Dissertation Defense Announcement
To: The George Mason University Community
Candidate: Eswar Prasad Ramachandran Iyer
Program: PhD Biosciences
Date: Friday April 20, 2012
Time: 9:00 a.m.
Place: George Mason University
Krasnow Institute for Advanced Study, Room 229
Dissertation Director: Dr. Daniel N. Cox
Committee members: Dr. Emanuel Petricoin III, Dr. Karl J. Fryxell, Dr.
James L. Olds
Title: "Dissecting Transcriptional Mechanisms Regulating Class-Specific
Dendrite Development: A Systems Approach"
The dissertation is on reserve in the Johnson Center Library, Fairfax
The doctoral project will not be read at the meeting, but should be read
All members of the George Mason University community are invited to attend.
Dendrites act as the primary sites of sensory and synaptic inputs to a
neuron. Drosophila dendritic arborization (da) sensory neurons have
emerged as an excellent model for investigating the molecular bases of
dendrite development. Forward genetic screens, although extremely
valuable, have limitations and genetic pleiotropy remains a significant
impediment to identifying key molecular mechanisms regulating such
complex developmental processes. To circumvent this problem, we have
developed and applied a novel neuronal cell-type specific
transcriptional expression profiling strategy coupled to a targeted and
systematic in vivo RNAi functional validation screen to facilitate
molecular dissection of the mechanisms regulating class-specific da
neuron dendritogenesis. Microarray analyses reveal transcriptional
regulation as one statistically over-represented functional category in
class IV da neurons with a remarkable 420 transcription factors
significantly expressed in this single sensory neuron subclass. To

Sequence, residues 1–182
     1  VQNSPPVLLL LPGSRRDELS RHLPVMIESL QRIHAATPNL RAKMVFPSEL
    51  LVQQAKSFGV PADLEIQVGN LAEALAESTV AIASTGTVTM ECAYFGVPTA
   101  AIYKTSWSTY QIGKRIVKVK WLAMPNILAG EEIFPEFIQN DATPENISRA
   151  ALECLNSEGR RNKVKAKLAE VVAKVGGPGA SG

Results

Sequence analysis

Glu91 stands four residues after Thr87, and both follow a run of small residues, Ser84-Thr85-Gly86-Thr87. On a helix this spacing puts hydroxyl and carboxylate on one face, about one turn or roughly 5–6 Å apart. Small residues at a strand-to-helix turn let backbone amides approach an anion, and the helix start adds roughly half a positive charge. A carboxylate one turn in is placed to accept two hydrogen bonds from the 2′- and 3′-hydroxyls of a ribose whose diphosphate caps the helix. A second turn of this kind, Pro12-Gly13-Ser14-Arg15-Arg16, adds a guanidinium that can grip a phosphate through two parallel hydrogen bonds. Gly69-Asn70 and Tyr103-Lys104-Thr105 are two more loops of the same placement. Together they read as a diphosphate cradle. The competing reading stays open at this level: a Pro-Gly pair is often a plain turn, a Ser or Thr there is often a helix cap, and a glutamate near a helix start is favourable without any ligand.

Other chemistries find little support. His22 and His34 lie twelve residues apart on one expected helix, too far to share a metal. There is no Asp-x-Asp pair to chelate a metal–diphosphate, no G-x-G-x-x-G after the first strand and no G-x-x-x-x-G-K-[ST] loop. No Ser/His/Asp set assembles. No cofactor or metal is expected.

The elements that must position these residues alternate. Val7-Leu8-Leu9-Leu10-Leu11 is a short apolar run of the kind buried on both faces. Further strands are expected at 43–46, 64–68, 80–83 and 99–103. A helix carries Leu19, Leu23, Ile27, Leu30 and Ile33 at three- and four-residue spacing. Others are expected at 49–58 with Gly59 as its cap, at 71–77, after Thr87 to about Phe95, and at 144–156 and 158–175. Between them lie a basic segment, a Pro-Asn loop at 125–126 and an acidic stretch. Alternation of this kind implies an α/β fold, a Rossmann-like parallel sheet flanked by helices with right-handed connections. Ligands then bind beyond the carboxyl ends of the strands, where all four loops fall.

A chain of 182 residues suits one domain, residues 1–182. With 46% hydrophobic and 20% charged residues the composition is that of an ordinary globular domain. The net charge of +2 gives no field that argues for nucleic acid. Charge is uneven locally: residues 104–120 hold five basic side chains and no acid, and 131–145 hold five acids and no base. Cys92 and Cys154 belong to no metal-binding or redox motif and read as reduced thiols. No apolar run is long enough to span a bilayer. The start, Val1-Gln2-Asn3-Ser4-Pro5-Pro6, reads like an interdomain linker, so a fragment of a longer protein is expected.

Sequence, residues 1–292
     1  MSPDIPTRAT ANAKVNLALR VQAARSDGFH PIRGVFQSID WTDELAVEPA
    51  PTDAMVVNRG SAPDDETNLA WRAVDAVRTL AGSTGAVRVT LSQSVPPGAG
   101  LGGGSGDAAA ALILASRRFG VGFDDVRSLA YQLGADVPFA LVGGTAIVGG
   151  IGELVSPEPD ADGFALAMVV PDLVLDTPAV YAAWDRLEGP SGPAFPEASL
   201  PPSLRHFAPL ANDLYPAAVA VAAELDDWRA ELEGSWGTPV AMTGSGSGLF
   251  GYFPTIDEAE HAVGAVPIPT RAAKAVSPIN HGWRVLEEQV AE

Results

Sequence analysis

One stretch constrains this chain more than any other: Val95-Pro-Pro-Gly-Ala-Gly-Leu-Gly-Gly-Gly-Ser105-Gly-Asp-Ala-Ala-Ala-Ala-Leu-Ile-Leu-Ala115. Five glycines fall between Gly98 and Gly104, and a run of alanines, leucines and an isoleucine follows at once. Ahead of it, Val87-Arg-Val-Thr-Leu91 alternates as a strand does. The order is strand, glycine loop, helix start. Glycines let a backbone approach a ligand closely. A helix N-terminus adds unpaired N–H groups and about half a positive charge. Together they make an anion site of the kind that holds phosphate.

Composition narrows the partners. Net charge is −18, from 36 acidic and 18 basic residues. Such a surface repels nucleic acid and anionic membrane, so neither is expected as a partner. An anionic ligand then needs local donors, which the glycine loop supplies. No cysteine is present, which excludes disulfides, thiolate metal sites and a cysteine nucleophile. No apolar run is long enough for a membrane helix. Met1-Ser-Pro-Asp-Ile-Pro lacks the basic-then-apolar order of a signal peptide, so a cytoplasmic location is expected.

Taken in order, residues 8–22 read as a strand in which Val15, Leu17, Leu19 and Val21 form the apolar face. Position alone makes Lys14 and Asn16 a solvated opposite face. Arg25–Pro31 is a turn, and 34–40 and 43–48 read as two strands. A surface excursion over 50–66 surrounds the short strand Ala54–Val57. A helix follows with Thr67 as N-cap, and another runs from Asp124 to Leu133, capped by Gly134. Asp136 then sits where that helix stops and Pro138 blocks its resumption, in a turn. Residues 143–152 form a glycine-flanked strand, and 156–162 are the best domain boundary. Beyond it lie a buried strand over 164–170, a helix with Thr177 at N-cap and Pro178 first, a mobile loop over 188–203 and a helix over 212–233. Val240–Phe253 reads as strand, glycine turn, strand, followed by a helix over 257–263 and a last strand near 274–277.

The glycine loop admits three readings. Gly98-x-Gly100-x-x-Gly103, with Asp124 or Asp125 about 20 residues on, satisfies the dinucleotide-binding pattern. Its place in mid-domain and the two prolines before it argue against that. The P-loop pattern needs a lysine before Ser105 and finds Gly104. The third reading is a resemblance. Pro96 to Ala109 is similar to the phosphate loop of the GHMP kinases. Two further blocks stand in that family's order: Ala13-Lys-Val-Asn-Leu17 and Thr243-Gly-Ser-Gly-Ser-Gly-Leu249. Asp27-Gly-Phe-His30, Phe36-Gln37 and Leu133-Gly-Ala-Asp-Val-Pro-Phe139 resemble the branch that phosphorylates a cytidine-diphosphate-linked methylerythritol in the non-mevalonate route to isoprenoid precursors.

validate the putative role(s) of these transcription factors in
regulating class IV dendrite development, we performed a class IV
specific RNAi screen against 343 of the 420 expressed transcription
factors. Intriguingly, at least 269 transcription factors were found to
be required for proper dendritic patterning of class IV sensory neurons,
including 53 genes with no previously known function. These
transcription factors mediate a broad spectrum of functions including
dendritic field coverage, branching, routing, tiling, and cell fate
specification. In addition, over 60% of the identified transcription
factors are evolutionarily conserved in vertebrates, with many
implicated in nervous system diseases. As a result of these analyses,
the novel zinc-BED domain containing transcription factor, CG3995,
emerged as the most significant regulator of class IV dendrite
development. In order to further understand the role of CG3995 in
regulating class-specific dendrite development, we systematically
characterized CG3995 loss-of-function and gain-of-function phenotypes.
Our results suggest that CG3995 functions primarily to regulate
dendritic scaling. We conducted a series of genetic, molecular and
biochemical experiments to investigate the mechanisms underlying the
CG3995 scaling phenotype. We identified at least two independent
mechanisms by which CG3995 regulates class-specific dendrite development
and scaling. Firstly, CG3995 interacts genetically with the homeodomain
containing transcription factor cut to regulate class-specific dendrite
development. Interestingly, Cut was found to positively regulate CG3995
expression, and CG3995 was found to negatively regulate Cut expression.
In the second proposed pathway, our data indicate that CG3995 may
function as an essential component of a ribosomal protein complex.
Collectively, these studies provide a deeper mechanistic understanding
of the complex roles transcriptional regulators play in directing
distinct aspects of dendrite development.